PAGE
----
Stories of Change

Miguel and his case worker Tania in his current city

Beyond Borders: Miguel’s Journey for Survival and Family

Story by: Jose Ruiz

Caseworker Tania Landi and Community Engagement Specialist Jose Ruiz recently traveled from New York City to meet with a client, referred to in this story by the pseudonym Miguel, to safeguard his privacy. Miguel’s story is a narrative emblematic of countless others navigating the web of migration’s challenges.

In a mountain-filled U.S. city, we met with Miguel, a teenager from Honduras. As we sat together admiring the beauty around us, Miguel recounted his story to us.

Miguel is from quaint village nestled in the heart of Honduras,  where his world revolved around his family. His grandmother was paramount; she took responsibility for him after he was orphaned. You could see his eyes water as he talked about her. He explained, “She has severe diabetes. Her day-to-day life requires medical treatment, often something we can’t afford.” Miguel took the initiative to pay for her treatments, managing both school and work until it became untenable.

One day, he patiently waited for the school bus, but it never arrived. It turned out that the bus couldn’t follow its usual route because robbers were demanding exorbitant fees for the conductors to use that route. “I felt my opportunity for an education slipping away, like sand through my fingers,” Miguel explained. The only means for him to reach school was via the bus since walking through the dangerous roads daily was too risky.

The challenges in Miguel’s life seemed to multiply, and his family’s income could no longer sustain them. Miguel confronted a dilemma: remain in Honduras, navigating survival while supporting his grandmother, or relocate to the United States for a chance to improve their lives.

The decision was heart-wrenching, and the journey was an uphill battle.

Miguel traveled by coyote in a packed car with other migrants like him who sought a better life. “My legs were cramped, and my body was under immense pressure, I remained frozen in the same position for 15 hours at a time,” he recounted. “Eight of us crammed into a car meant for five, enduring the journey across Mexico,” he continued.

He arrived at the U.S.-Mexico border and was apprehended by border patrol, before being sent to a detention center near Hidalgo, Texas. “It all happened so quickly. I was not expecting that type of treatment. I think it was the worst part of the journey,” he said. The perpetual fluorescent lighting, unforgiving cold, thin aluminum blankets and the worm-infested food, Miguel found himself in the hieleras (freezers). He was placed with other afraid unaccompanied minors.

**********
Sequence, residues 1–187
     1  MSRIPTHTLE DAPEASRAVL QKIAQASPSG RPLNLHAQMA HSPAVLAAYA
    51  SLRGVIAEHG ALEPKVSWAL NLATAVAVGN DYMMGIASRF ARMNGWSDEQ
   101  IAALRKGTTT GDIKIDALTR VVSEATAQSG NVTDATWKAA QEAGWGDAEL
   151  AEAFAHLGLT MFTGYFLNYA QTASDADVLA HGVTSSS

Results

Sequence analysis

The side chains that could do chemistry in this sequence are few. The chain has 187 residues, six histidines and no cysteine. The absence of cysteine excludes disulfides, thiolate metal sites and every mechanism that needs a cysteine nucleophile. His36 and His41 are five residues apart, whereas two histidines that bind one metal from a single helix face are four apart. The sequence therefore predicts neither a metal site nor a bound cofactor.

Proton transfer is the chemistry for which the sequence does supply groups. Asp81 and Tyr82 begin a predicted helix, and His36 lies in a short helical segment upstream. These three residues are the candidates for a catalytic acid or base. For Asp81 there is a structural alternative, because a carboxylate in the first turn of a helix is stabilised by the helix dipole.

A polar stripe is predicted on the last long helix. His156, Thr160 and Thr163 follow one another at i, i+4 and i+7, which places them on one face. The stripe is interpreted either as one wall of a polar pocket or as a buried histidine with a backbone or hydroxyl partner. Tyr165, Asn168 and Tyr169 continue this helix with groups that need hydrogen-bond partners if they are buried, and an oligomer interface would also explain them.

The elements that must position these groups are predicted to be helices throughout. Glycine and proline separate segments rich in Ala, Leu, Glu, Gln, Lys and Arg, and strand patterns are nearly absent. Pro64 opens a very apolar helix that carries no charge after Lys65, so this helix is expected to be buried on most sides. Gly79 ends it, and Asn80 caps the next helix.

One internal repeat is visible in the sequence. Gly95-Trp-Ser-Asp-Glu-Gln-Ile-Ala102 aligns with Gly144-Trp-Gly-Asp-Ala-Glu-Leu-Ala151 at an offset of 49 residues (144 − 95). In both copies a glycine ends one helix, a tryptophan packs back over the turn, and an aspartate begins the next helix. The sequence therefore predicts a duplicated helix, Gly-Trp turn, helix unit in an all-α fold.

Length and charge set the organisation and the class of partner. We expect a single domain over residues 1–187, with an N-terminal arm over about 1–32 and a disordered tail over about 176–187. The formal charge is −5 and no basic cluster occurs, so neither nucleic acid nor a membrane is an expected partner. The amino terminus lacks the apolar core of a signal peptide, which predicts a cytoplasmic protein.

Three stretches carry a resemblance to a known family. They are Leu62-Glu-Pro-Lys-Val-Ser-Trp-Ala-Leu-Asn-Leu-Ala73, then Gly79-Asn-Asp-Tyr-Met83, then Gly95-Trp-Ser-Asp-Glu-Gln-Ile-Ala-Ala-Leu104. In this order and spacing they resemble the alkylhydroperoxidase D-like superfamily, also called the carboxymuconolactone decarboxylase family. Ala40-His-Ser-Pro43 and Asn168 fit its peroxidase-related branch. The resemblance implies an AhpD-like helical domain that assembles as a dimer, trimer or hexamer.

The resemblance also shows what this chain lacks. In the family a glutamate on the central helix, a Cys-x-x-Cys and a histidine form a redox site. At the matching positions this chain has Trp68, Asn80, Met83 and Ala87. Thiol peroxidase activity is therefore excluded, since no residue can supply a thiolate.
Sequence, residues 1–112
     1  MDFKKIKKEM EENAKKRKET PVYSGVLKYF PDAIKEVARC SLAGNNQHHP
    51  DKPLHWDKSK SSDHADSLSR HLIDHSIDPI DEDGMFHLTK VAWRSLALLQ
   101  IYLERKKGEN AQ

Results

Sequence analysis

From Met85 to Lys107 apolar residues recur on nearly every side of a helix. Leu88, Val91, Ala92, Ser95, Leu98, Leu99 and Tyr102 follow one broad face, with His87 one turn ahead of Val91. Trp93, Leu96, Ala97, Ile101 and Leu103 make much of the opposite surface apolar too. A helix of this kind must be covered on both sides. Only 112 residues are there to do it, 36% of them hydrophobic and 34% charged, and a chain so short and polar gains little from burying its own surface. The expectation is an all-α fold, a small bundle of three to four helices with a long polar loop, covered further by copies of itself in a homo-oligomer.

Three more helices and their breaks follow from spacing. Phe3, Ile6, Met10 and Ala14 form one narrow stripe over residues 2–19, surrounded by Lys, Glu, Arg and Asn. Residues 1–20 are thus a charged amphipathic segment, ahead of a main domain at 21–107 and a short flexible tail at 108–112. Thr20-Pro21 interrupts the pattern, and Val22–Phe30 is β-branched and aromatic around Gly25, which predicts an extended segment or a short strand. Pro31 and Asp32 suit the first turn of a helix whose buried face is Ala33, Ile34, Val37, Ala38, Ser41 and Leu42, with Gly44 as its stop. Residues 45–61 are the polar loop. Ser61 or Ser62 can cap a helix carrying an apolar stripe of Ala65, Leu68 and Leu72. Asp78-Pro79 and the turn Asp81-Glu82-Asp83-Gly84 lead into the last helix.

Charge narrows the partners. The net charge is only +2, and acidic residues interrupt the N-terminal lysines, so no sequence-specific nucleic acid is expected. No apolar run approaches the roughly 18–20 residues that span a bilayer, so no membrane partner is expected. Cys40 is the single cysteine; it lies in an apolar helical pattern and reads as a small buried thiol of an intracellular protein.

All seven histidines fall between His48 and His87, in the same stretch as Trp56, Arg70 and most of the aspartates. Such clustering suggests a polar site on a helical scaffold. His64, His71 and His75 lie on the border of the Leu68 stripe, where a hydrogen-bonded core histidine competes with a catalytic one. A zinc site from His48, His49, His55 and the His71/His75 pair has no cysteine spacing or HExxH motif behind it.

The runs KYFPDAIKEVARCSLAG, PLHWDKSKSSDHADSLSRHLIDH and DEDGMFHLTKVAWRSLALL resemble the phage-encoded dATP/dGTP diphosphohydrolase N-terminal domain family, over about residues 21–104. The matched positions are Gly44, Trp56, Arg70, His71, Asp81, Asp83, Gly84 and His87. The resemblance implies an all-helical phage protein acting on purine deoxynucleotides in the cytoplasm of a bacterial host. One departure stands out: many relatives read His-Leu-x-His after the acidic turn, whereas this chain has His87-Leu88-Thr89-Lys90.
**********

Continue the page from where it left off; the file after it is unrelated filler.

After two days, he was transferred to an Office of Refugee Resettlement shelter. There, caseworkers worked on connecting Miguel to a sponsor.

Miguel rested at a shelter for 48 days where he received support which included medical care, education, mental health assistance, food and recreational activities. Eventually, he was released and connected to his sponsor. 

In the heart of the bustling city where his sponsor lived, Miguel found himself in a place that didn’t quite resonate with him. ”It was not my scene. I prefer a calmer environment,” he explained. He decided to move to a calmer U.S. city to be with his sponsor where he is hoping to start a GED program soon. 

After getting to know Miguel at a deeper level, his love for his family and ambition was inspiring. He was a strong young man and through this strength, showed us his vulnerable side. Tania and I were grateful to listen to his story.

We sat there together, admiring the beautiful colors of the mountains, their stillness inviting reflection. I can’t help but ask myself, why do these children have to succumb to such situations? Why do these systems compel us to choose between love, peace, family and the fear of survival and hunger?

Finally, I asked, “What do you want your message to be for the people who read this story?”

“I want other unaccompanied children to know that even though life can be hard, we should be grateful for being alive and keep on fighting for a better future.”

Church World Service New York proudly serves unaccompanied children like Miguel. To learn more about how our caseworkers support unaccompanied minors, please visit our HSPRS page.